Acetobacter

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Acetobacter is a genus of obligatory aerobic bacteria that is in the family Actobacteraceae. This family is more commonly known as "acetic acid bacteria" (AAB). Other genera of AAB include Gluconobacter, Gluconacetobacter, Acidomonas, Asaia, Kozakia, Swaminathania and Saccharibacter [1].

POTENTIAL REFERENCES:

http://www.thebrewingnetwork.com/the-sour-hour-episode-28/ cleaning Acetobacter out of barrels (~47 mins in)


https://www.facebook.com/groups/MilkTheFunk/permalink/1287080151320196/?comment_id=1287271667967711&reply_comment_id=1288151671213044&comment_tracking=%7B%22tn%22%3A%22R%22%7D

https://www.facebook.com/groups/MilkTheFunk/permalink/1356322957729248/

https://www.homebrewersassociation.org/how-to-brew/sour-microbes-yeast-and-bacteria-explained/

Leads on fermentation: http://www.mdpi.com/2311-5637/4/3/66

Flanders Red Ale

Metabolism

This should be written similar to Lactobacillus#Metabolism, and is science heavy but layman enough for brewers to understand.

Alcohol and Sugar Tolerance

Tolerance to ethanol begins to decline in most Acetobacter species and strains starting at about 10% ABV. However, this is species and strain dependent. For example, some strains of A. aceti and A. pasteurianus (80% of strains tested) are unable to grow in 10% ABV. Other genera of acetic acid bacteria such as Gluconobacter and Gluconacetobacter also have a wide range of ethanol tolerances. It is documented that Acetobacter and other acetic acid bacteria are able to grow in wine above 10% ABV, although is is not likely that acetic acid bacteria can grow in wines that are 15% ABV or above. It is considered that no strains of acetic acid bacteria can grow in 15.5% ABV or above [2].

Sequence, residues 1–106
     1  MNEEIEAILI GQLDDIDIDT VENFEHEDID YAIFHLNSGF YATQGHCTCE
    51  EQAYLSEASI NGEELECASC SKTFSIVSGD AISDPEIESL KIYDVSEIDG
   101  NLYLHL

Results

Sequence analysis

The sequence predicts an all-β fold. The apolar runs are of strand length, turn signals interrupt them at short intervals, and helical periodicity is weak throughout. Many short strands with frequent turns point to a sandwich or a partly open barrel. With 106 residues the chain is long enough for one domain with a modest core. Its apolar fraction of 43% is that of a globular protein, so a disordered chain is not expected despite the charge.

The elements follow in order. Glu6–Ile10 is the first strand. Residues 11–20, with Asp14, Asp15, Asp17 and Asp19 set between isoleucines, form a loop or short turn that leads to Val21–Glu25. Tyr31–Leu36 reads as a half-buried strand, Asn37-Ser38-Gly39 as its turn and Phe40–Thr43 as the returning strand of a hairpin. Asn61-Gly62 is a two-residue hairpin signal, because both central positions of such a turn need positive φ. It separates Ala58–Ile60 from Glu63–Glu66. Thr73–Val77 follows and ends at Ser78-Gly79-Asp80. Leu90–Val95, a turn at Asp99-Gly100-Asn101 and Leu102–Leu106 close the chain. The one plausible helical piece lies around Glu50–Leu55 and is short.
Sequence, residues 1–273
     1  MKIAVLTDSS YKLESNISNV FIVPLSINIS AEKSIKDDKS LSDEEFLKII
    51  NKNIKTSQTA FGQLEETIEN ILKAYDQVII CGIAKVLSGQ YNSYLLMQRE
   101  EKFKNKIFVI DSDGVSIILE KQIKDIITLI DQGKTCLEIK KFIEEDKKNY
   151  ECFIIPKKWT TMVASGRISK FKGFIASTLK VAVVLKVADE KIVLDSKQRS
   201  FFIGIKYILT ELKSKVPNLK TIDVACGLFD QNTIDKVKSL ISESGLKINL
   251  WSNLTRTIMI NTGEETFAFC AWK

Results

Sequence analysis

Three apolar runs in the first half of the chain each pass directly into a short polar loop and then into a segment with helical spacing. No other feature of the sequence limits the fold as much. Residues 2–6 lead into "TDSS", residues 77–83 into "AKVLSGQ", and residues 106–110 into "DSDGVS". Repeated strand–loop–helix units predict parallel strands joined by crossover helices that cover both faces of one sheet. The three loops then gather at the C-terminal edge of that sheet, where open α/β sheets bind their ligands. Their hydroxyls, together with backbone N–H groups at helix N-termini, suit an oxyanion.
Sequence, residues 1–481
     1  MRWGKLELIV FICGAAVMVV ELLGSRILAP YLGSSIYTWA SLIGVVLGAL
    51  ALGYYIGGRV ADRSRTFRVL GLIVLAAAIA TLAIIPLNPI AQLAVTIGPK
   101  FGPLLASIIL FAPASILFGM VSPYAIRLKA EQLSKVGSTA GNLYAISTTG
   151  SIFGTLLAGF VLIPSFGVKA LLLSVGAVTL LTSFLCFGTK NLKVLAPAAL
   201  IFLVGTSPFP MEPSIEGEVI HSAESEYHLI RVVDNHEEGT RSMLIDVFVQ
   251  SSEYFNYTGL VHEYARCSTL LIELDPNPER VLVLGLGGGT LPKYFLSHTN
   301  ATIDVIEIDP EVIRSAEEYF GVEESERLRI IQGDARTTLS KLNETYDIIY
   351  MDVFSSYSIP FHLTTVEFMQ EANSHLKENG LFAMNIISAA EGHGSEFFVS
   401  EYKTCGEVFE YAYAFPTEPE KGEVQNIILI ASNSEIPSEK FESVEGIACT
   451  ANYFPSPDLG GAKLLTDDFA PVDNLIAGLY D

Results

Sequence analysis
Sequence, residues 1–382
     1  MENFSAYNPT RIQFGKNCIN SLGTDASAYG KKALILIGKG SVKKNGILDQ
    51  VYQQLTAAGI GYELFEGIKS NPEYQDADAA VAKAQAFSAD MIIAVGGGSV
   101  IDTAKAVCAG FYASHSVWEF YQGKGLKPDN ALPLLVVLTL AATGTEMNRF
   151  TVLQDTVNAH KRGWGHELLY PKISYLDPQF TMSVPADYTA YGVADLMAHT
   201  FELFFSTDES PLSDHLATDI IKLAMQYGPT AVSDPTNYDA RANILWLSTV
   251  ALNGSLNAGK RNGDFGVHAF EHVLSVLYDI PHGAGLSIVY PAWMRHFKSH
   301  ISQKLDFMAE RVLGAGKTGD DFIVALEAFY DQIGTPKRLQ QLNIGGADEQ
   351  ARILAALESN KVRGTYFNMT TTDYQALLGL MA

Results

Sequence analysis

Most strains are not tolerant of glucose once it is at ~25% of the solution [1].

Role in Belgian Beer

(To do)

Sub Heading

(To do)

Role in American Sour Beers

As a Contaminate

Role in Vinegar

(This can be brief, and might get deleted completely since this isn't a vinegar wiki. However most Acetobacter knowledge probably comes from vinegar.)

See Also

Additional Articles on MTF Wiki

External Resources

References

  1. 1.0 1.1 Characterization of acetic acid bacteria in “traditional balsamic vinegar”. Maria Gullo, Cinzia Caggia, Luciana De Vero, Paolo Giudici. 2005.
  2. Molecular Wine Microbiology. Chapter 9 - Acetic Acid Bacteria. 2011, Pages 227-255. DOI: https://doi.org/10.1016/B978-0-12-375021-1.10009-8.